$1000 Worth of Sound for $100: Refurbishing a Vintage Turntable

The following article by Ed Kobesky is re-printed by permission of Audio Discourse (with a big thank you to Mr. Dave Clark).

Analog is a smarter bet than ever for audiophiles on a budget. Excellent turntables are available from Pro-Ject and Music Hall for around $300, although that may still represent a big investment for those who want to experiment with analog before making a high-dollar commitment. Another low-cost possibility is to refurbish the classic turntable that is lying dormant in your attic or waiting for you in a neighbor’s yard sale or on eBay. Dust it off and start playing records! Turntables from the 1970s and 80s can equal or exceed the sound quality offered by today’s entry-level models. If properly set up, some may even approach the quality of $1000 CD players!

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An Interview With Gordon Sauck

A pioneer in the vintage audio business tells why the older gear is better.

What’s innovative about Vancouver, BC’s Innovative Audio isn’t the products it sells, but the products it refuses to sell. Instead of offering brand-new, state-of-the-art products, Innovative Audio focuses exclusively on vintage audio gear.

It wasn’t always this way. Innovative Audio started out selling new home theater gear, but founder Gordon Sauck soon realized his customers were more interested in the classic used gear on the back shelf than they were in the complicated new products in the front of the store. Sauck took the bold move of eliminating all the new gear from his store, moving to a new and larger location, and specializing entirely in vintage audio. In a few short years the store grew from a modest-sized retail outlet to the largest vintage audio facility in Canada.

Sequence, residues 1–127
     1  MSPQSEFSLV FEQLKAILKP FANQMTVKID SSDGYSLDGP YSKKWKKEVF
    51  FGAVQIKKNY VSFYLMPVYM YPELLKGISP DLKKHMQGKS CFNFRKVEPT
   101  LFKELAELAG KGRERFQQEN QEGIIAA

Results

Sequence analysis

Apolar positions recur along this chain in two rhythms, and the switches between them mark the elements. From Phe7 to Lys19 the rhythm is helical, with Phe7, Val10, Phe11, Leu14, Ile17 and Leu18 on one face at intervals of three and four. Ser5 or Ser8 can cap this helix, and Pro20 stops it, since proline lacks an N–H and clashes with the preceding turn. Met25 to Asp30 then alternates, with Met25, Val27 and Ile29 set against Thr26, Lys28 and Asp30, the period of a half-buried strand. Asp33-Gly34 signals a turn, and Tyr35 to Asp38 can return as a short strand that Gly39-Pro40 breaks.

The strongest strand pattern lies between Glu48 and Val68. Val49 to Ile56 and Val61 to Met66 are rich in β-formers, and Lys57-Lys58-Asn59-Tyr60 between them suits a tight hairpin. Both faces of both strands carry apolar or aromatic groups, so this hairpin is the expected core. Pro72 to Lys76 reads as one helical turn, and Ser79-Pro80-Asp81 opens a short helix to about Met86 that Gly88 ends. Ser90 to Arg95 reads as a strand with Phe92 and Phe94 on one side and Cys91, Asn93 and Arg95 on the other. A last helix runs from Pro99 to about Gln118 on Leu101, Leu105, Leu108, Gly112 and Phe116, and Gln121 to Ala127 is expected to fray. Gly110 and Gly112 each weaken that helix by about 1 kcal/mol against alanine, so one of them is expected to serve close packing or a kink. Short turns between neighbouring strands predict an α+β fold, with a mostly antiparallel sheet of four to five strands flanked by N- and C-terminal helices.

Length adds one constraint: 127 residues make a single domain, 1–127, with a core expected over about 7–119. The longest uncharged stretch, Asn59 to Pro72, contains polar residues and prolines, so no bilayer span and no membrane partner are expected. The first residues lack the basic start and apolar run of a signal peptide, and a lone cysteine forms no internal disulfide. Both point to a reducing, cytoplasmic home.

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Ebay Do’s And Dont’s

Special thanks Paul Gill, and to guest eBay author, Joanna Gurnitsky, for this list. This is part of the Become a Power eBayer reference series. This article is written with permission from the author.

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How To Buy Vintage Audio

Alright, before you begin you should know that this is NOT your simple 4 paragraph ‘buyers guide’ so often seen everywhere else. This article contains reams of information and is very, very looong. If you wish, you can simply skip to certain areas but I strongly recommend reading this article in it’s entirety at least once.

So where do you start? Easy. If you are simply starting out in the audio hobby there is a massive market to explore with garage sales, flea markets, swap meets, thrift stores etc. Sometimes simply asking your friends or relatives if there is some stuff in their attic or garage they wouldn’t mind letting go of can yield surprising results! There are no rules at this level about what to buy as long as it works, and there is no smoke coming from it when it is playing, and it should not smell like the bathroom Grandpa just left. If you can buy an entire ‘system’ for around 50 bucks including speakers, welcome to the hobby.

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Record Care and Cleaning

Believe it or not, even stored records will still accumulate dust, and when that happens, you’ll have to clean your records before playing them.